During and after the Gulf War, the Government of Saudi Arabia provided water, food, shelter, and fuel for coalition forces in the region, and also made monetary payments to some coalition partners. Saudi Arabia's combined costs in payments, foregone revenues, and donated supplies were $55 billion. More than $15 billion went toward reimbursing the United States alone.
Prime Minister Nawaz Sharif owed his freedom, and some said his life, to the Saudi royal family. They intervened to get him out of jail and into exile in Saudi Arabia, after a 1999 military coup against him by General Pervez Musharraf. Personal favors aside, the Kingdom of Saudi Arabia is also a longtime economic benefactor to the country. It bailed out Pakistan many times during tough economic situations and natural disasters with either cash or oil. As recently as 2014, it provided $1.5 billion to shore up Pakistan's dwindling foreign exchange reserves. It's also a strong source of jobs for Pakistanis.
Pakistan has much at stake in its relationship with the Saudi kingdom, not least of which is oil. Saudi Arabia is the source of most of Pakistan’s oil imports and a job provider to hundreds of thousands of Pakistanis who work there.
Since ascending to the throne, King Abdallah followed a more activist foreign policy, offering Saudi assistance and support in efforts to resolve regional crises in Lebanon, Sudan, and Somalia; fostering Israeli-Palestinian peace efforts; and increasing Saudi diplomatic engagement around the world. In particular, he has pursued an Interfaith Dialogue Initiative to encourage religious tolerance on a global level, which was endorsed in a session of the UN General Assembly in November 2008.
A day after winning a two-year term on the UN Security Council, Saudi Arabia said October 18, 2013 it would not take up its seat, citing “double standards” in resolving world conflicts, particularly in Syria. UN officials said it was an unprecedented move. The Saudi Foreign Ministry said in a statement that it had no other option but to turn down Security Council membership until the 15-nation council is reformed and has the means to accomplish its duties and assume its responsibilities in preserving the world's peace and security. During September’s General Assembly annual debate, Saudi Arabia chose not to deliver its speech, or even hand out a written copy, saying it was in protest of the deadlock within the Security Council on Syria.
By 2015 the new Saudi King Salman, in his bid to open up to the Muslim Brotherhood, began applying pressure on Egyptian President Sissi to resolve his conflicts with the Brotherhood so that relations between Turkey and Egypt can be improved.
Leaked in December 2015, a Bundesnachrichtendienst (BND) document entitled "Saudi Arabia - Sunni regional power torn between foreign policy paradigm change and domestic policy consolidation" singled out Saudi Arabia's defense minister Deputy Crown Prince Mohammed bin Salman as trying to strengthen his place in the royal succession while putting Saudi's relationship with erstwhile regional allies in jeopardy. "The careful diplomatic stance of older members of the Saudi royal family has been replaced by an impulsive policy of intervention," the Bundesnachrichtendienst (BND) said.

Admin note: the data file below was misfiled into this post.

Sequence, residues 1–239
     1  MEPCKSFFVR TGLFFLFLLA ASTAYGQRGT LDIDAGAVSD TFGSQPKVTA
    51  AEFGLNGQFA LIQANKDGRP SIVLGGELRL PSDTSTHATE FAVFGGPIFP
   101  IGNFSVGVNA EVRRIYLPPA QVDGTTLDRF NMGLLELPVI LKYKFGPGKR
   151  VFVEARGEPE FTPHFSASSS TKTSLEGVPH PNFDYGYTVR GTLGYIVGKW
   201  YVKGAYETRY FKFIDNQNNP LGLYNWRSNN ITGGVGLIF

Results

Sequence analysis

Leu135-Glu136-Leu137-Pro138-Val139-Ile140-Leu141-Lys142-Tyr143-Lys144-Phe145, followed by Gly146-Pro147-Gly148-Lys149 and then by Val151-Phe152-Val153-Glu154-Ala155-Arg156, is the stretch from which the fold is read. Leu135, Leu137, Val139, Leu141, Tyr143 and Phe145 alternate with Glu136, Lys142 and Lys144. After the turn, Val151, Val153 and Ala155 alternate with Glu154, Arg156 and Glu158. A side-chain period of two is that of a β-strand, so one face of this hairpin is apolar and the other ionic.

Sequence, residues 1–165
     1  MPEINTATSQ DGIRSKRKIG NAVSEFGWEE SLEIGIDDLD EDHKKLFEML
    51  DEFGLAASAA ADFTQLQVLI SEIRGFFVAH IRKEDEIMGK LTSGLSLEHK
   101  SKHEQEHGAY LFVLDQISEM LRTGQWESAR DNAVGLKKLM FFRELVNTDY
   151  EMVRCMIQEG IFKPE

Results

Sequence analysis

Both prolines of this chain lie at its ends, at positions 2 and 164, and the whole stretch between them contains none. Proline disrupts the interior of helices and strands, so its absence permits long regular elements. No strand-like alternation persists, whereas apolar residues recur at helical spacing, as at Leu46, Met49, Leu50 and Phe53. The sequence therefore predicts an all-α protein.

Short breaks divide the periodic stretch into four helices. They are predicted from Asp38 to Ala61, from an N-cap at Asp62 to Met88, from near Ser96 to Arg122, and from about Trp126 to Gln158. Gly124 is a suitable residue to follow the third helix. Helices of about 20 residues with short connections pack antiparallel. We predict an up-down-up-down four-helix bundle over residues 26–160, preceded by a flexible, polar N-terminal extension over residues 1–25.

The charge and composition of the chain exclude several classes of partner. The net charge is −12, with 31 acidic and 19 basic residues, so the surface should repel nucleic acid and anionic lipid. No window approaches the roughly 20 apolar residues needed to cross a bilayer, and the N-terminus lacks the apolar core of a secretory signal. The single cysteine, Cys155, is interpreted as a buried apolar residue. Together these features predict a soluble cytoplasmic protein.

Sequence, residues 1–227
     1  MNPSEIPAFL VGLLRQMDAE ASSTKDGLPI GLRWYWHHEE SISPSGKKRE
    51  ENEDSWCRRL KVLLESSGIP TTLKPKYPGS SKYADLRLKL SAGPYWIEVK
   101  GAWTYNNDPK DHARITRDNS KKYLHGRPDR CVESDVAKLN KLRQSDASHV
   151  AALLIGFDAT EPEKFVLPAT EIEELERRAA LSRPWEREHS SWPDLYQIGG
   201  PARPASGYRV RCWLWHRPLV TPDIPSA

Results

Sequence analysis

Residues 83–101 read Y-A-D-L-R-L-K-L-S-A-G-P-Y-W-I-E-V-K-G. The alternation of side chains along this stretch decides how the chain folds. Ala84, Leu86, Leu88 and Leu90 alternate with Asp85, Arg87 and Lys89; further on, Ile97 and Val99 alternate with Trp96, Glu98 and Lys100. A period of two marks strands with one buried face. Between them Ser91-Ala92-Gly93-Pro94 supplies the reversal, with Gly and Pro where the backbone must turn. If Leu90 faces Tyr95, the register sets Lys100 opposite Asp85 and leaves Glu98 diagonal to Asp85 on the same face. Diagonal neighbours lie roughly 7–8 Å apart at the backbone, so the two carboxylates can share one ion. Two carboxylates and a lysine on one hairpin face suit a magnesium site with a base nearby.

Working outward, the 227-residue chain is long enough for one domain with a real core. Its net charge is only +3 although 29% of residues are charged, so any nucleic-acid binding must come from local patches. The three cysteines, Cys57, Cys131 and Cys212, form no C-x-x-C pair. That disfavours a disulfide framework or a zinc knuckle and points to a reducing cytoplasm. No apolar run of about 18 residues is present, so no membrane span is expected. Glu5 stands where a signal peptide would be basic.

The spy agency accused bin Salman, second in line to the throne, and his father, King Salman, as trying to create an image of Saudi Arabia being the leader of the Arab world. The BND added that bin Salman's quest to cement his place in the nation's leadership could also irritate other members of the royal family. As another reason for the shift in policy, the BND also cited a perceived change in the role of the United States as the guarantor of stability in the face of growing influence exerted by Iran.
Saudi Crown Prince Mohammed bin Salman, often known as MBS, told heads of US-based Jewish groups that the Palestinian leadership must accept conditions for peace put forward by the administration of US President Donald Trump, according to a report on Israeli media 30 April 2018. During a closed-door meeting last month in New York with the organisations' leaders, bin Salman harshly criticised Palestinian President Mahmoud Abbas, Channel 10 news reported on Sunday, citing an Israeli diplomatic wire and sources.
"In the last several decades the Palestinian leadership has missed one opportunity after the other and rejected all the peace proposals it was given," bin Salman reportedly said in a report published on Axios website by Barak Ravid, Channel 10's senior diplomatic correspondent. "It is about time the Palestinians take the proposals and agree to come to the negotiations table or shut up and stop complaining. While bin Salman criticised Palestinian leadership, he further stated that peace negotiations between Israel and Palestine would need to move forward before Saudi Arabia and other Gulf Arab states would normalise relations with Israel.